HC Deb 20 February 1838 vol 40 cc1360-2
General Johnson

presented a petition for the abolition of the New Poor-law, from the inhabitant householders of a town in Yorkshire (the name of which did not reach us). The hon. and gallant Member said, that he ought to inform the House that the parties to this petition called themselves remonstrancers, instead of petitioners in the usual way, but as the petition did not contain anything that was disrespectful to the House, he trusted he might be allowed to lay it on the table.

The Speaker

said, it was clear that the petition was not worded according to the regular form, and it would be for the House to decide whether it ought to be received or not.

Mr. Warburton

thought, that as it concluded with a prayer, the petition ought to be received.

Mr. Borthwick

said, that though he was favourable to the object of the petition, yet he thought it so important to adhere to the regular forms of the House, that he should oppose the reception of the petition on the ground of irregularity. He hoped, however, the hon. and gallant Member for Oldham would consent to withdraw it.

General Johnson

was understood to decline to do so.

Lord John Russell

thought, that as this paper was not in the form prescribed by the House, the hon. and gallant Member had much better withdraw it now, and present it again in an amended form.

Sir R. Peel

observed, that if the parties to the document were not aware that they were departing from the rules of the House, there might be some ground of excuse, but as that did not appear, it would be better, in his opinion, to adhere to the usual forms.

The Speaker

observed, that there was nothing in the petition itself that could induce the House not to receive it. But in point of form it was a remonstrance, and not a petition, and if this were received, he could not say what sort of remonstrances might hereafter be sent up.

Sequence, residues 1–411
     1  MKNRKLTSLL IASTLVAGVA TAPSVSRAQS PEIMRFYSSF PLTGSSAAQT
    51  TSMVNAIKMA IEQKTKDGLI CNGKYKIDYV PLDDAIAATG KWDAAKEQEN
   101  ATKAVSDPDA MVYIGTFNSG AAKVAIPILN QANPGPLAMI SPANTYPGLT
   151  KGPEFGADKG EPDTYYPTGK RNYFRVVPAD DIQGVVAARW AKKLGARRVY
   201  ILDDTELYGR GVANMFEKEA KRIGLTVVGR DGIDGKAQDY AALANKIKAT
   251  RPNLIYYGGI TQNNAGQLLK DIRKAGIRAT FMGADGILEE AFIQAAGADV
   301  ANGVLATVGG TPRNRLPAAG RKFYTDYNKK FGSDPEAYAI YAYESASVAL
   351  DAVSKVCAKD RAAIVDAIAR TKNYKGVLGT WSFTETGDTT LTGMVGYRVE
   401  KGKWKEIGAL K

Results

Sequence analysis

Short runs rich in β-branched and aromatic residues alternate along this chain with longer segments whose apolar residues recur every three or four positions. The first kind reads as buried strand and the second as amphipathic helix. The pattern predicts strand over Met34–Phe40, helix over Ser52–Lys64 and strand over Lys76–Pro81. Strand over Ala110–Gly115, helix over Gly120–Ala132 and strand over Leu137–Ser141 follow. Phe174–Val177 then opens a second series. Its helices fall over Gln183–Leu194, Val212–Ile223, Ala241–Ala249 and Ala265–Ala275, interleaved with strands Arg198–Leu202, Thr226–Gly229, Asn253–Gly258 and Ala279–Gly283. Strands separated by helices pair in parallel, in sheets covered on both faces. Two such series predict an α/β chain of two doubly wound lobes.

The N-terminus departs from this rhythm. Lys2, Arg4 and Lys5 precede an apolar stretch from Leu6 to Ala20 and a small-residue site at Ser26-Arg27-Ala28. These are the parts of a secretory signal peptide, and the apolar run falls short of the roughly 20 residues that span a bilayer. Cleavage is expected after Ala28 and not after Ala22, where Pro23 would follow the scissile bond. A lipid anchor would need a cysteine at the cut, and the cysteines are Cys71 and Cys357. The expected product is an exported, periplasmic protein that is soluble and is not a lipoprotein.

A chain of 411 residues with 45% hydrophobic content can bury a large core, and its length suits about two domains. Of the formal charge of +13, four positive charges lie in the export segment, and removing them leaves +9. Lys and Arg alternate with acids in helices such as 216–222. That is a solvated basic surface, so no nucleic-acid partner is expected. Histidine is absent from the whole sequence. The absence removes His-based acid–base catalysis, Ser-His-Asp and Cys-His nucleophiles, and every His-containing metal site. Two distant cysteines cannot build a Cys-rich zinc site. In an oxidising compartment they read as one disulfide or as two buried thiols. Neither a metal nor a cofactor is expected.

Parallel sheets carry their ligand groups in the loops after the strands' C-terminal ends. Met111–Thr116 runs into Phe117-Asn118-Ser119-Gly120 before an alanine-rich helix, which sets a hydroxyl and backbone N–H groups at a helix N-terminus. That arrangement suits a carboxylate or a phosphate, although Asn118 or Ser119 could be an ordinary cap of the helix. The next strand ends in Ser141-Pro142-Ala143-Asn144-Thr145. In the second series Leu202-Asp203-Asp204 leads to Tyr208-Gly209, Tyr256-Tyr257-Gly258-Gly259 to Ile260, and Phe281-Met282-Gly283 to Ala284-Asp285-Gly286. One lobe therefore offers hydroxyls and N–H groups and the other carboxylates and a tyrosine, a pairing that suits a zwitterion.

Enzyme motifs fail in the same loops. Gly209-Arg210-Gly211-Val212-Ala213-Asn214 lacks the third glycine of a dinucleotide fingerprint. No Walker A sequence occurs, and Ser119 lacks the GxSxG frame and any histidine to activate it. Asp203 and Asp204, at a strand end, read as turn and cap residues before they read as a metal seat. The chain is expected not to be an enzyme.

Mr. Aglionby

said, that many petitions subscribed according to the forms of the House, but which in the body contained severe remonstrances, were received without objection. This document was respectfully worded, but announced itself to be a remonstrance; and he could not see why a difference should be made, or that this document should be rejected on so trivial an objection.

Mr. R. Palmer

said, he was inclined to adhere to the forms of the House. He, however, joined in the recommendation to withdraw the document for the present.

Sir G. Strickland

said, that as the document prayed the House to do certain things, he thought that prayer brought it within the meaning of a petition.

Sir T. Fremantle

said, that he had looked at the document, and found that it contained no prayer at all. It was simply a remonstrance against the Poor-law Act, and did not conclude with any prayer. If it prayed the repeal of that Act, then the House might take cognizance of it; not being so, he thought it ought not to be received.

Mr. Rice

hoped, the hon. and gallant Member would consent to withdraw it for the present. It was signed by one individual only, on behalf of himself and others, and therefore the hon. and gallant Member had only to communicate to that individual that the House, on a point of form, and not from any indisposition or disregard to entertain its object, could not receive it, and therefore to suggest an alteration, putting the document in the proper shape.

General Johnson

said, he did not think that the parties from whom it emanated would be at all disposed to make the alteration suggested; and therefore he did not feel justified in withdrawing it.

Mr. Borthwick

expressed his determination to divide the House.

The House divided:—Ayes 10; Noes 200: Majority 190.

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